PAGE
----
London could lose its top Taxi status
The President of the International Association of Transportation Regulators, says London’s taxi services need to reform, or risk being left behind other world cities.
New York City’s Matthew Daus told the London Assembly Transport Committee today that change is essential to meet the growing needs of passengers. He points out that some of the laws governing the industry date back hundreds of years.
The Transport Committee has embarked on a timely investigation into taxi and private hire services in the Capital. Recent research by Transport for London (TfL) suggests that overall satisfaction with taxi services amongst Londoners is decreasing.
Caroline Pidgeon AM, Chair of the Transport Committee said;
“The Black Cab is an iconic London brand but other players have entered the market and this raises issues. Tension between TfL and the taxi and private hire trades has increased significantly and there are a number of concerns relating to how TfL regulates the industries, including allegations of misconduct around the licensing of Uber. Our investigation aims to get to the bottom of some of the problems, so that the taxi service of the future meets the needs of both passengers and drivers.”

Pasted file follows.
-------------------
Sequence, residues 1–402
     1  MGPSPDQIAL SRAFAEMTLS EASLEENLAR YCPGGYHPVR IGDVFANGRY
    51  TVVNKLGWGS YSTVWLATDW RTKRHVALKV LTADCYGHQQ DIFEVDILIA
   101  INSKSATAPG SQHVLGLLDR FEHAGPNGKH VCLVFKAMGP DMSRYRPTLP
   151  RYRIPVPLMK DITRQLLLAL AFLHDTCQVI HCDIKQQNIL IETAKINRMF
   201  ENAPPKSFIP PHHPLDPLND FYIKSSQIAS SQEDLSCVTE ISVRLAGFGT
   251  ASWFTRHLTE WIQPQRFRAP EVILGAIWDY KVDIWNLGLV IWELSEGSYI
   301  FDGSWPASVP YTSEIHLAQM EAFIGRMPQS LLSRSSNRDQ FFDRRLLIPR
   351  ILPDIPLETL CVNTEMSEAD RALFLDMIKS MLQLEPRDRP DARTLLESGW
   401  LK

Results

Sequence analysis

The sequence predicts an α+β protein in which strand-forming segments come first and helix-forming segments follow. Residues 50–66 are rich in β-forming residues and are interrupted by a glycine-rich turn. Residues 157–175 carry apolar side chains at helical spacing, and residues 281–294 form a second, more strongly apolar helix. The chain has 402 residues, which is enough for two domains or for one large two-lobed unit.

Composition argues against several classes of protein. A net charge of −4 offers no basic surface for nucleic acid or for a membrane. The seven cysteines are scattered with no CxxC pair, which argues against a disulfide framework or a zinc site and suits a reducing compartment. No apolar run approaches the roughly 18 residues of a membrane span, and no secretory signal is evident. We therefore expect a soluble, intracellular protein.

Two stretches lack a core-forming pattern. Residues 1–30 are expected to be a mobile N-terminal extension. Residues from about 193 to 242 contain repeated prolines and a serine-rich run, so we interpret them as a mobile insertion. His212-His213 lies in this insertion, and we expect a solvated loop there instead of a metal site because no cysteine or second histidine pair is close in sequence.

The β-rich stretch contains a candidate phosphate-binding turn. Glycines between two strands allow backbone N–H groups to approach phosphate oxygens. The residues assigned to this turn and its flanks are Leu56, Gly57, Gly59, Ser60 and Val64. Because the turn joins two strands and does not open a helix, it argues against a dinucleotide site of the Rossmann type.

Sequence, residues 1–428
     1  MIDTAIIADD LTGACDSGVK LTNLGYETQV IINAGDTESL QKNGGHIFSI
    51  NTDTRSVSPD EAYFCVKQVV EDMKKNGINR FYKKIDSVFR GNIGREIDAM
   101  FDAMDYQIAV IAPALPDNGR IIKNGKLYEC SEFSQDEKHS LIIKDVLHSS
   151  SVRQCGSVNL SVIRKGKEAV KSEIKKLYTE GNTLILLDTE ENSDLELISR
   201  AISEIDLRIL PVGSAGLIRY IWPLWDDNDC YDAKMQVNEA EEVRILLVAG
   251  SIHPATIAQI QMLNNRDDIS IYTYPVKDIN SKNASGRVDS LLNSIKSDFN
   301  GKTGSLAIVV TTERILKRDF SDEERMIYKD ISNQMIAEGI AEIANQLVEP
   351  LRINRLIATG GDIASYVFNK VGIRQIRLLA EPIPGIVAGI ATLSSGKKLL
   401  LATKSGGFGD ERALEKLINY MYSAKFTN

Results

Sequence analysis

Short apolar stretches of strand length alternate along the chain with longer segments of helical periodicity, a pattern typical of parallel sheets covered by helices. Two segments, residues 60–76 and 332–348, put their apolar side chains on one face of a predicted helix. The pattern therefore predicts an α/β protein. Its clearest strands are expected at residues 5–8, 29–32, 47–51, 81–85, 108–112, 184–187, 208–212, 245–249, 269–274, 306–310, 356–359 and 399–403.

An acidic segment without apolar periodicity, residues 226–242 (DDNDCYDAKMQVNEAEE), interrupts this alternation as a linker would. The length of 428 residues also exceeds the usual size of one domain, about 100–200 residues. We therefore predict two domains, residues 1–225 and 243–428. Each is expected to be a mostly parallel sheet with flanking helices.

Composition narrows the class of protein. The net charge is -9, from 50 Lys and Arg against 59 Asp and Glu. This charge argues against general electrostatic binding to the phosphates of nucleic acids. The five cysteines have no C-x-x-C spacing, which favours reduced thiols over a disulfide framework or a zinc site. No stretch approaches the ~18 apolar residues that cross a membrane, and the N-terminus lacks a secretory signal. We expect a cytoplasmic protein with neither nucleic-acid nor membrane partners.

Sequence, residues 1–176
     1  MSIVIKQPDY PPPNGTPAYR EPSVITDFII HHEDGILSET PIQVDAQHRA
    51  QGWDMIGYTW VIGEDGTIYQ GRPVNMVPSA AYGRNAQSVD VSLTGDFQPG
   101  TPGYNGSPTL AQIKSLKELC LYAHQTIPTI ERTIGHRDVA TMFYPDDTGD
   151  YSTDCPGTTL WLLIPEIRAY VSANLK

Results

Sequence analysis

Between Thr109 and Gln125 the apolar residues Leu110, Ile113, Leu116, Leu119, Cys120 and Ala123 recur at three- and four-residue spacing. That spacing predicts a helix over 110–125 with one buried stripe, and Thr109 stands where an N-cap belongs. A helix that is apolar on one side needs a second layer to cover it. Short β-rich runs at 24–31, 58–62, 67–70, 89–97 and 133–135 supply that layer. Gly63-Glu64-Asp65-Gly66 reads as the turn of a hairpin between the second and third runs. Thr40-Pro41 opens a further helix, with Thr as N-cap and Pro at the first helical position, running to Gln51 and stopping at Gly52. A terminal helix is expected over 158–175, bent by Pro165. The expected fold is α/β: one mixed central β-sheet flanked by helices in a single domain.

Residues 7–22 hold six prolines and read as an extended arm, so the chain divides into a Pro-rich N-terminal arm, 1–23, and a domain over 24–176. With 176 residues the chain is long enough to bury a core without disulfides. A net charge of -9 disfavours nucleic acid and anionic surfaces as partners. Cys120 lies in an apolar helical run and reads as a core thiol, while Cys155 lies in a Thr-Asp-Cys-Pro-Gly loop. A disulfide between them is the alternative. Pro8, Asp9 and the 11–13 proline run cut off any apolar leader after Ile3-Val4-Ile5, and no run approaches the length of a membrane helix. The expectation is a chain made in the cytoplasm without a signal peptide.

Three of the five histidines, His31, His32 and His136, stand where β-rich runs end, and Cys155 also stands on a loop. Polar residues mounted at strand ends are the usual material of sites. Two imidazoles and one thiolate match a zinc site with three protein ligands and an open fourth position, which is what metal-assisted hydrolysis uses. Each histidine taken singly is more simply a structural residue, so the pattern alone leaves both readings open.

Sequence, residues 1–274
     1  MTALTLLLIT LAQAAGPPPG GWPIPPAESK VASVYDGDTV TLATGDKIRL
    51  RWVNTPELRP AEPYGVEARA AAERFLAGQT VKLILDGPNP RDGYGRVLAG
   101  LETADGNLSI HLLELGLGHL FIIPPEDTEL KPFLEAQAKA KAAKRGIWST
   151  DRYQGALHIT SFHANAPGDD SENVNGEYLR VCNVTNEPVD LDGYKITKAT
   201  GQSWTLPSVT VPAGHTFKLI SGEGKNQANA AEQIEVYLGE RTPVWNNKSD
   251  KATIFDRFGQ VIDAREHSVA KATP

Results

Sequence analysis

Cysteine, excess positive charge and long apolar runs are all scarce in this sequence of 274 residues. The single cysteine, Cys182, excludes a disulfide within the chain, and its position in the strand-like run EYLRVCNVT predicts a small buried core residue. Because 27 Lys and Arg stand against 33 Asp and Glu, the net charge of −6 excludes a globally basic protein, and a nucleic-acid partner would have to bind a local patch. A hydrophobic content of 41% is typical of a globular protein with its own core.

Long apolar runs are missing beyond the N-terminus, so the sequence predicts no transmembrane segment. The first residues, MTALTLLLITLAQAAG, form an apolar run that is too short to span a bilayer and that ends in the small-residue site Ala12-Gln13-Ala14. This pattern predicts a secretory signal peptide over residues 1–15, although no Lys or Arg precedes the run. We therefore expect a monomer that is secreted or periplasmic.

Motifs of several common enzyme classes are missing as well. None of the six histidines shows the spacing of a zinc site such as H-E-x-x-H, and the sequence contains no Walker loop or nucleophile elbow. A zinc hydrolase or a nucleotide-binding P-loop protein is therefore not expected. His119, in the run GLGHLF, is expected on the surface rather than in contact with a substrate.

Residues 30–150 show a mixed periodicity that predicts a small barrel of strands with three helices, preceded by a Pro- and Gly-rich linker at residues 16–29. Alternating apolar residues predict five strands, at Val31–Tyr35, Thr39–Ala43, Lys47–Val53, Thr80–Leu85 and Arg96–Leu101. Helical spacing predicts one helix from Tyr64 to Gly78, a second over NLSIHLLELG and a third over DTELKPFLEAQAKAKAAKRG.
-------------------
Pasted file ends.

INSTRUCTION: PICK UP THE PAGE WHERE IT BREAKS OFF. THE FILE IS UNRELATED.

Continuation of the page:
The meeting also examined the benefits and pitfalls of new technology, capturing public feedback to develop future services, views on whether pedicabs should be integrated into the public transport system and whether changes are needed to improve the accessibility of taxi and private hire services for disabled people.
View the webcast.
Notes to editors
- Further information about Taxi and Private Hire Services Investigation.
- Caroline Pidgeon AM, Chair of the Transport Committee, is available for interview – see contact details below.
- As well as investigating issues that matter to Londoners, the London Assembly acts as a check and balance on the Mayor